While many RTS players like the AMM system of WarCraft III, we will be seeing matchmaking quality AI at LEAST to that level for RTS games in Battle.net 2.0, and probably a lot better, as some are not happy with AMM at all… In terms of StarCraft II, it means finding opponents that are on your skill level, finding whole teams to play against or perhaps like-minded “custom” game players. As DotA-Allstars will be available for StarCraft II, and Blizzard have realised that the community can make some really astoundingly popular game types themselves, there will probably be special functionality for all types of custom games. For Diablo III, it’s more about keeping a level/gear balance, and all their work on WoW PvP matchmaking should have helped them with that! A given factor for any game is of course matching players who have the best ping with each other, as none likes to lag behind everyone else. Lightning quick servers should make sure that don’t happen.
Especially for StarCraft II, Blizzard have promised good eSport support. While the current focus on D3 is on cooperative play and single player, it is highly likely that we will see “arena” type fights for D3, with proper eSport focus. There are primarily two ways to do this, either broadcasting inside the game, or broadcasting on the web.
An in-game broadcast could have a lot of potential: Two (or more) players engage in their match, which is hooked up to the broadcasting server which registers all their commands and in turn sends this out to anyone who want to watch without affecting the players themselves. The data sent would not cause lag to the actual players, and the spectators would get to see the match live in their game. The user interface could either use the game’s engine straight off, or a slimmer version which provides a bigger screen and hiding the UI. In this manner, a huge number of players could watch a single match for less bandwidth than a video broadcast would require, which would be good both for the server and players with slow internet connections. All graphics calculations would be done on the PC and the owner’s game client itself.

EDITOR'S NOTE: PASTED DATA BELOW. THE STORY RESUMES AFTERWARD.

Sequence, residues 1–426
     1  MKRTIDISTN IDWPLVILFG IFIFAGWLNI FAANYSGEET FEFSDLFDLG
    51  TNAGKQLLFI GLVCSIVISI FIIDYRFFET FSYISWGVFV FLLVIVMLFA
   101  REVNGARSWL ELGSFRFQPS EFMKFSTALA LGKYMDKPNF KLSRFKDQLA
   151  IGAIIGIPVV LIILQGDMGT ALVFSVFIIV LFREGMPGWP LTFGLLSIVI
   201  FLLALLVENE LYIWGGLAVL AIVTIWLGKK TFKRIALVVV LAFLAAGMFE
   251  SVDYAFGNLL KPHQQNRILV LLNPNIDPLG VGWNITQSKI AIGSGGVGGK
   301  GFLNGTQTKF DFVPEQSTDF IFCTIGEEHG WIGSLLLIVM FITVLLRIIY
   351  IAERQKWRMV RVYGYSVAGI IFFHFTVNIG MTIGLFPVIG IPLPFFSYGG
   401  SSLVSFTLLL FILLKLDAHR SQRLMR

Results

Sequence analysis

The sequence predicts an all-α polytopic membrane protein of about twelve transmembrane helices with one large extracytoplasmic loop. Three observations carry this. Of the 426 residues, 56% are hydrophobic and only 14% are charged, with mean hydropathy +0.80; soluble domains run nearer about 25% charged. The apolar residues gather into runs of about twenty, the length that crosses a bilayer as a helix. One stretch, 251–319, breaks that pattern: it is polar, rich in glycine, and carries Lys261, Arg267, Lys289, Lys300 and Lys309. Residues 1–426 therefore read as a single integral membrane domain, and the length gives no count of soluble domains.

To avoid cheating by informing a player of opponent’s moves, a delay could be set for a few seconds. This system could also be made to broadcast replays, or just delay the broadcast by a few hours to fit schedules, while none except the very few people involved would know the outcome. As a player, you could also activate one out of several commentators for a match, with different sound channels for different personalities or languages. If you choose to follow the commentator’s screen, you could also see the commentator drawn notes or text directly on your screen just like with regular sports on TV.
With smart video capturing software on the broadcasting server we could follow commentators’ screens on the Battle.net website. Seeing how Blizzard managed to webcast WWI 2008 to millions of spectators, a few thousand D3/SC2 matches should be a picnic. On the technology side, Blizzard are fans of the bit torrent technology which they use for patching and big downloads, and could probably utilise this technology for the masses to minimize the server power and bandwidth even further.continues with customisation, stats, feeds, security and Battle.net costs.